The conservation ecology of the Nile crocodile (Crocodylus niloticus) at Ndumo Game Reserve in North Eastern KwaZulu-Natal and the Rio Maputo floodplain in South Eastern Mozambique.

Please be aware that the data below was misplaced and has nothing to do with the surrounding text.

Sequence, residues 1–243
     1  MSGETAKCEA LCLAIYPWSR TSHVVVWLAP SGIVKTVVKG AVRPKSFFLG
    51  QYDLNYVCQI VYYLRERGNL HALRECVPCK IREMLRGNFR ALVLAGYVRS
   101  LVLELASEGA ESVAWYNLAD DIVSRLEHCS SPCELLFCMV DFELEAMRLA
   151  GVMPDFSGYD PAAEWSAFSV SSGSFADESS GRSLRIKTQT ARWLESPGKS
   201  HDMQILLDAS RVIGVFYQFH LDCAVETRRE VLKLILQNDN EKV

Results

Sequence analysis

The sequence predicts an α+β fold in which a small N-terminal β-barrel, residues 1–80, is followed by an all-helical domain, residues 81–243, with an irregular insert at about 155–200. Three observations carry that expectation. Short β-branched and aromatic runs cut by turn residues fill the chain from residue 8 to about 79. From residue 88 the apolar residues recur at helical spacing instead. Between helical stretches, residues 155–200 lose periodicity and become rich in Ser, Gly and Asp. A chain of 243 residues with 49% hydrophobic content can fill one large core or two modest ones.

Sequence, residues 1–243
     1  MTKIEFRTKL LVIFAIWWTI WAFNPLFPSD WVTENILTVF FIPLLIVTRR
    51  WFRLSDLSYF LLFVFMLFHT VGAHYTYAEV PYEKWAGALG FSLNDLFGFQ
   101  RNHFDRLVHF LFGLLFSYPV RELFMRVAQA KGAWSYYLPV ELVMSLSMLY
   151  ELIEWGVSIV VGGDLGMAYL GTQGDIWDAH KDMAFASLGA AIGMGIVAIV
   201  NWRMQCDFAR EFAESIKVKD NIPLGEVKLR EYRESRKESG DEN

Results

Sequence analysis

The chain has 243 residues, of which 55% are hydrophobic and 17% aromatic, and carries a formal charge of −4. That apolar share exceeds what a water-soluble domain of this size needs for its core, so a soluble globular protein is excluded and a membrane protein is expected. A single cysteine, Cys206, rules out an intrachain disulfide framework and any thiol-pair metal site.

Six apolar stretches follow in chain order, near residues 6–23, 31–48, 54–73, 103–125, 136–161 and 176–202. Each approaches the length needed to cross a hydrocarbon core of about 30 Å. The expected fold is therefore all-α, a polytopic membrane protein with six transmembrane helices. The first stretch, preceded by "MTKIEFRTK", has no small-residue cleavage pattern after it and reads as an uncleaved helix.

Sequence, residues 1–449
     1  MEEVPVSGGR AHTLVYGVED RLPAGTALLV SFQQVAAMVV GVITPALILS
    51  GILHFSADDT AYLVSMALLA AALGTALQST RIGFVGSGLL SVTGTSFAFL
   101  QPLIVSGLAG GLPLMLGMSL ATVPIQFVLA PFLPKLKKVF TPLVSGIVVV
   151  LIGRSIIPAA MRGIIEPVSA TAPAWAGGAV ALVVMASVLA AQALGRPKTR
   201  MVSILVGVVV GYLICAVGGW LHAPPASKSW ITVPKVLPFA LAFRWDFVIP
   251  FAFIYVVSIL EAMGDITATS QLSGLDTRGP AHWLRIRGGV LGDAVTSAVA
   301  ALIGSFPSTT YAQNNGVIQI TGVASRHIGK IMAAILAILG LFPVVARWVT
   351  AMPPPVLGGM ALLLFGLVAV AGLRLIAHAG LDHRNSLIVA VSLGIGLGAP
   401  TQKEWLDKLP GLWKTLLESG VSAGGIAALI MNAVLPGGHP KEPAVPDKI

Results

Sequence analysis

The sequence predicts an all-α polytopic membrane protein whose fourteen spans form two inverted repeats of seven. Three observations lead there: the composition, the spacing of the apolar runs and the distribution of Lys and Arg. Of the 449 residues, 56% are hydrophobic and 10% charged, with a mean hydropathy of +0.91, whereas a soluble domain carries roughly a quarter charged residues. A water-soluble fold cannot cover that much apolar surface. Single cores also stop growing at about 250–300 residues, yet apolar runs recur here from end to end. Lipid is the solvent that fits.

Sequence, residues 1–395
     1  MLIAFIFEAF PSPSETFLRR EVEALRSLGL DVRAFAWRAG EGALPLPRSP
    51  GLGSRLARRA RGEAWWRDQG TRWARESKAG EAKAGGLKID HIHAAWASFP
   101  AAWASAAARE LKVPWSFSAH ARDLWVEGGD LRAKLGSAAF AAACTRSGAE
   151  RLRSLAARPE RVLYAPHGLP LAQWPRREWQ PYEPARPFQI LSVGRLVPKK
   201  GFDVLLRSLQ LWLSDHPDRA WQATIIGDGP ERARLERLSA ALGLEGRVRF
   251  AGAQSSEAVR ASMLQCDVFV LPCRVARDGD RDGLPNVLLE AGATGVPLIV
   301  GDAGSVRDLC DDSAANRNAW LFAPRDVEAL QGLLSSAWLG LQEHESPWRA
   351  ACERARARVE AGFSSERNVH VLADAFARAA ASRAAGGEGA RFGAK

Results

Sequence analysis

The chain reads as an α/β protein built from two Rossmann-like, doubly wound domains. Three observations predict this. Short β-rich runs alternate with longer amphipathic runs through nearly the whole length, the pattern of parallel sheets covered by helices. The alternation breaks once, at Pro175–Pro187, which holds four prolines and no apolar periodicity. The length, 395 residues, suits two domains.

Up until 1969 Nile Crocodiles (Crocodylus niloticus) were considered as vermin in South Africa and were actively persecuted throughout the country. In an effort to re-establish viable populations within protected areas in Zululand a restocking program was initiated in the late 1960‟s and early 1970‟s. Ndumo Game Reserve (NGR) in north eastern KwaZulu-Natal was one of the reserves involved in the restocking program and the Nile Crocodile population in the reserve increased from a minimum absolute abundance of 348 (SE ± 3.39; N = 3) in the early 1970‟s to a minimum absolute abundance of 992 (SE ± 58.70; N = 4) in the 1990‟s. However, in recent years there has been some concern that the NGR Nile Crocodile population may be on the decline, initiating the current investigation into the ecology and conservation of the NGR population. We examined changes in relative abundance using aerial survey data from 1971 – 2009. The precision and accuracy of population estimates was affected by water level, season, aircraft type and the use of different observers. A correction factor was applied to survey data and the current NGR Nile Crocodile population is estimated at an absolute abundance of 846 (± 263). Distribution data from the aerial surveys were also used to examine habitat use over the last 40 years and revealed that Nile Crocodiles were not evenly distributed in NGR and that crocodiles favoured the Phongola over the Usuthu floodplain systems. NGR is characterised by a floodplain mosaic landscape and crocodile distributions between the various habitat patches were influenced by landscape physiognomy and composition as well as connectivity and corridor quality. Anthropogenic disturbances influenced the functionality of the floodplain landscape negatively with impacts on habitat use and connectivity. To quantify the effects of environmental conditions on crocodile habitat use we conducted 40 diurnal counts at Lake Nyamithi between 2009 and 2012 and related changes in crocodile numbers here to temperature, rainfall and water level. Crocodile density in Lake Nyamithi was significantly and negatively related to average maximum ambient temperature and numbers increased in the lake over the cool, dry winter season. Water level and rainfall had strong but not significant (p >0.05) negative influence on crocodile density in Lake Nyamithi. Environmental variables influenced different size class of Nile Crocodiles differently and the density of crocodiles in the 1.5 – 2.5 m Total Length (TL) size class were significantly influenced by rainfall and average minimum monthly temperature. Movement patterns of 49 Nile Crocodiles between 202 – 472 cm total length (TL) were followed over 18 months using mark-resight (n = 36), radio (n = 10) and satellite (n = 3) telemetry. The duration of radio transmitter attachment (131 days, SE ± 11.35) was significantly related to TL and reproductive status. Satellite transmitters stopped functioning after 15 (SE ± 12.53) days and home range was calculated for 7 crocodiles ranging in size from 202 cm TL – 358 cm TL. Sub-adults (1.5 - 2.5 m TL) occupied smaller, more localized home ranges than adults (> 2.5 m TL). Home ranges overlapped extensively suggesting that territoriality, if present, did not cause Nile Crocodiles to maintain spatially discrete home ranges in NGR during the dry season. A single large scale migration event occurs every year between October and November whereby the majority of the NGR crocodile population leaves the reserve and enters the Rio Maputo floodplain in adjacent Mozambique and only return in April/May. Nesting effort (19 – 21 %) in NGR was comparable to other populations of Nile Crocodile in southern Africa. Nests are completely destroyed by floods once every 10 years and predation rates may range from 20 – 86 % per year. In addition to aerial surveys, nesting surveys and movement studies crocodiles (n = 103) were caught opportunistically to collect demographic data on population structure. The population structure of Nile Crocodiles in NGR is currently skewed towards sub-adults and adults suggesting an aging population that may decline naturally in the future. This could be due to low recruitment levels in NGR that are not able to sustain the artificially high population size created by the restocking program. Sex ratios were skewed towards females in the juvenile and sub-adult size classes and towards males in the adult size class while the overall sex ratio was even between males and females. It is predicted that the NGR Nile Crocodile population will decline in the future and that this decline should be considered as a natural process. However, the rate of decline will be accelerated at an unnatural speed and to an unnatural extent due to poaching, uncontrolled harvesting and destruction of nesting habitat within NGR. Based on the findings of the current study, management recommendations for the conservation of the combined NGR – Rio Maputo Nile Crocodile population were made. It is important that further research takes place in the Rio Maputo floodplain in Mozambique to better quantify the nesting ecology of the NGR Nile Crocodile population and to identify possible threats facing Nile Crocodiles in this region.